The Personal Journaling Guide to Journal-Writing Retreats

Imagine it: You’re sitting by the ocean. Blue water is roaring and crashing on light brown sand. A steaming ceramic mug sits on a wood slat table at your elbow and a journal lies on your lap. No one’s calling you to breakfast. There are no plans for fishing off the pier or dance lessons in the afternoon. The only thing scheduled is time to write about something you’ve always wanted to explore in your journal.

Maybe you want to make sense of all the dream meanings you’ve jotted down in the early mornings of the past year. Or maybe you’ve decided it’s time to work through a major life issue you’ve been skirting around. Perhaps you’ve just resolved to get happy, and now is your time to define the steps you’ll take to do it.

What is a Journal-Writing Retreat?
A journal-writing retreat can be different things to different people. The unifying characteristic is that you spend time exploring on paper thoughts and issues important to you. Have you always wanted to create a narrated scrapbook of your wedding? Do it on a journal-writing retreat. Do you want to undergo a personal financial revolution? Pack your books, check stubs and calculator &#151 it’s time to get those numbers all straightened out in a money journal and plan some realistic goals.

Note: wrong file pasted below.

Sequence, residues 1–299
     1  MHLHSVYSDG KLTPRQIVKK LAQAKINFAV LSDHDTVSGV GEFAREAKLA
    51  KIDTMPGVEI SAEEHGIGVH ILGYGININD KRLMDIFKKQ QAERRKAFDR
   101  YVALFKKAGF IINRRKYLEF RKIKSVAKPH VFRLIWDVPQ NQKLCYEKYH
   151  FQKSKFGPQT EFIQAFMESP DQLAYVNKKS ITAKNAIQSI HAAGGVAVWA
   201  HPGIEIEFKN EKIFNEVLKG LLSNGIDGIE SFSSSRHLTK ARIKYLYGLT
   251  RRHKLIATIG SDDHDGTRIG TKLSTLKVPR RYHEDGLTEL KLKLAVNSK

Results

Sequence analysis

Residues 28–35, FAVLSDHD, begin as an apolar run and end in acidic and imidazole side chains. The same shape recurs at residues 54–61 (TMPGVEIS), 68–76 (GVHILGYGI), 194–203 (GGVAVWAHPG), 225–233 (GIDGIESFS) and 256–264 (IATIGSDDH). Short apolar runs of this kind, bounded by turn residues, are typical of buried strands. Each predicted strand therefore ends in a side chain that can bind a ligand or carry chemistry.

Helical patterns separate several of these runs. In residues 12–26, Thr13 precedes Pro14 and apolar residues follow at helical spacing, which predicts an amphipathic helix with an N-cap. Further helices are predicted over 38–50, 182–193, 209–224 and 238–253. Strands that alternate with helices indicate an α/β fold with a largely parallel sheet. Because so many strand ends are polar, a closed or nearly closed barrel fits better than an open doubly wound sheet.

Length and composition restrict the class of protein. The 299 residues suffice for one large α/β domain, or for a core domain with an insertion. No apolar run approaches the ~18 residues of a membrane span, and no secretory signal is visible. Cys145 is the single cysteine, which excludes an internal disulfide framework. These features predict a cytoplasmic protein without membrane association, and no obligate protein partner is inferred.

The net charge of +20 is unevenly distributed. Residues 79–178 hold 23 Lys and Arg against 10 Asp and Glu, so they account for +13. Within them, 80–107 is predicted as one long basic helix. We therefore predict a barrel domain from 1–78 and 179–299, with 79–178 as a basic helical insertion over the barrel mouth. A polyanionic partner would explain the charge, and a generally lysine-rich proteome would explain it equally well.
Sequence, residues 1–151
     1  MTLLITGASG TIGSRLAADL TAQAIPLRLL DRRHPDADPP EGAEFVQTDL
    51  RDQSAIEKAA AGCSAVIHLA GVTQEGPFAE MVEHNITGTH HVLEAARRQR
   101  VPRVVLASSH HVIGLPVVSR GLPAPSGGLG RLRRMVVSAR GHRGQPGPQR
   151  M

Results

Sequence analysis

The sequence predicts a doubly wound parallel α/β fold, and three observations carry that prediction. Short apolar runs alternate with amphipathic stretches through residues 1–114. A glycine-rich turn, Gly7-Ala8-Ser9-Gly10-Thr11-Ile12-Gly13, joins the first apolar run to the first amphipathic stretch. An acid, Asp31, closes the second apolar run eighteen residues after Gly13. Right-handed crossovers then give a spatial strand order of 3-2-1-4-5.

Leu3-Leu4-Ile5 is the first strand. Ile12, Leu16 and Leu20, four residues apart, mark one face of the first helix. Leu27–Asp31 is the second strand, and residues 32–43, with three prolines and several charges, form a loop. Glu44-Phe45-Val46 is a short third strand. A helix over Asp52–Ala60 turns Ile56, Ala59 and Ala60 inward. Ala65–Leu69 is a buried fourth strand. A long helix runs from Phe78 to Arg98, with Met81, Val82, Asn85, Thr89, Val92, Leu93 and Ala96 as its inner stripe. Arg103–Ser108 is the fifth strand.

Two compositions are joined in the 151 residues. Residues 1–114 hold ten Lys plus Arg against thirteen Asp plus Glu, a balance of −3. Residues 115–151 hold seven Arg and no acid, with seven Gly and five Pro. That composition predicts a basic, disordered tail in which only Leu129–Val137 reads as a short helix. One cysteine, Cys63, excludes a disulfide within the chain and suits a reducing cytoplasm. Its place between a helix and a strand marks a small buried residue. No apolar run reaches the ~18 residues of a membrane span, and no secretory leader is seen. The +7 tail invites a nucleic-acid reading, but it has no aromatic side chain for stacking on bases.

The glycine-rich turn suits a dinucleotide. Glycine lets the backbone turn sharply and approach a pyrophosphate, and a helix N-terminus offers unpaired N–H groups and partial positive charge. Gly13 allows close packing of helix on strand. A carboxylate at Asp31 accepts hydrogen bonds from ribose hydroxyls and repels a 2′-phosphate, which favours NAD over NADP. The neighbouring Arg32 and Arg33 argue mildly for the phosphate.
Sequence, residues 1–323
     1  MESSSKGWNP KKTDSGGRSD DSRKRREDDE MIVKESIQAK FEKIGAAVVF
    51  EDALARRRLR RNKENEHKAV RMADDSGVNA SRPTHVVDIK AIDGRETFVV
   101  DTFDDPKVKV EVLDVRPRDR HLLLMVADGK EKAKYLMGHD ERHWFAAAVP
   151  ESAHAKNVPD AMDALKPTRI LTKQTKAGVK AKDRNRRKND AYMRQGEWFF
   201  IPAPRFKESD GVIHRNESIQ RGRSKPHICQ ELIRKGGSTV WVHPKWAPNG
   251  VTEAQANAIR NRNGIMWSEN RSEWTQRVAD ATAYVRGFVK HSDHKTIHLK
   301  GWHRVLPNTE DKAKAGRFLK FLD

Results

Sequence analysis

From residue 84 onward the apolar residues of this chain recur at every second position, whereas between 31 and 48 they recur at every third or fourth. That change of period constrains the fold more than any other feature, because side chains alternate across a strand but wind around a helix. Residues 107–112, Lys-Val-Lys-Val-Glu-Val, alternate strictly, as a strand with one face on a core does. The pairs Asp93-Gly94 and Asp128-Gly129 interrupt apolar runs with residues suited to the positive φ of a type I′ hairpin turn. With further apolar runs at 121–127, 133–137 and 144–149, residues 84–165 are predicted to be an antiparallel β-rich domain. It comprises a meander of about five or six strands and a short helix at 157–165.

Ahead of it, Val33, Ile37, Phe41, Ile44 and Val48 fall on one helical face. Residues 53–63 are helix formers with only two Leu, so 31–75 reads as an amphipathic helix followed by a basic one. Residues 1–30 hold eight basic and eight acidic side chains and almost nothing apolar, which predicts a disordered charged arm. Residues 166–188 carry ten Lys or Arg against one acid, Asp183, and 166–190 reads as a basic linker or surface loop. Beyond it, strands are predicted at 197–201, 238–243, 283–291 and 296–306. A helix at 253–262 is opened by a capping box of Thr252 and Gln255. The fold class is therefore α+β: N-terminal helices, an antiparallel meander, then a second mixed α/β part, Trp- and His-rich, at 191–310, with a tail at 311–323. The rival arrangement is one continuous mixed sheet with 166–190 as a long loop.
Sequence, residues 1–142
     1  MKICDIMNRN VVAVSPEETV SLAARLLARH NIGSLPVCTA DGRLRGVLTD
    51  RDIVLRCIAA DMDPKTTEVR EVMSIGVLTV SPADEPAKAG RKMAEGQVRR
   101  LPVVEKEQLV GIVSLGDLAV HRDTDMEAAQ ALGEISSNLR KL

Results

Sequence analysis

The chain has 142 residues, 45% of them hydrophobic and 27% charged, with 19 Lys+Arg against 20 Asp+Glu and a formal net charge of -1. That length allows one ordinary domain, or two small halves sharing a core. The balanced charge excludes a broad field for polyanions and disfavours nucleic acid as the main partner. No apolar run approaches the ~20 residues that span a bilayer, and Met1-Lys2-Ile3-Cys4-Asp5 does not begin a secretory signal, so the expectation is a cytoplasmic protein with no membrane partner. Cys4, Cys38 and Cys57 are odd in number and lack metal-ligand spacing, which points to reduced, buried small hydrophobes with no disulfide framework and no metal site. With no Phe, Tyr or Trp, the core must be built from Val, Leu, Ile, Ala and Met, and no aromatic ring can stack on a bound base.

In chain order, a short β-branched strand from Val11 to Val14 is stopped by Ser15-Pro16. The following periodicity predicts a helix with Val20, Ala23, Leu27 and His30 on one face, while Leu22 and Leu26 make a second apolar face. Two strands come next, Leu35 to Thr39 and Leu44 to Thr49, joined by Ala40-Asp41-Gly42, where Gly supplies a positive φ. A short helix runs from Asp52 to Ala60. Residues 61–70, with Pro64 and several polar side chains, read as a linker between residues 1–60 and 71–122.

What you want to get out of your retreat will determine the type of retreat you should take. Jennifer Louden, author of The Woman’s Retreat Book (Harper Collins, 1997), recommends writing a journal entry answering an important question: What is my intention in wanting to take a journal-writing retreat?

“It’s important not to say, ‘I’m going on this retreat to get something accomplished,’ ” says Louden. “You don’t want it to be about a goal, but you do want to identify your intention.”

What’s the difference? Identifying your intention is a softer, gentler purpose. It doesn’t set you up for a difficult emotional task, so you won’t face the intimidating possibility of failure. Louden suggests you ask yourself questions like, “When I think about a writing retreat, how do I feel?” and “What do I most yearn to get from a journaling retreat?”

Once you write on these prompts for about 10 minutes, your reason for taking a retreat should be more apparent, and you can determine the type of retreat that’s right for you.

This article appeared in the June 2001 issue of Personal Journaling.

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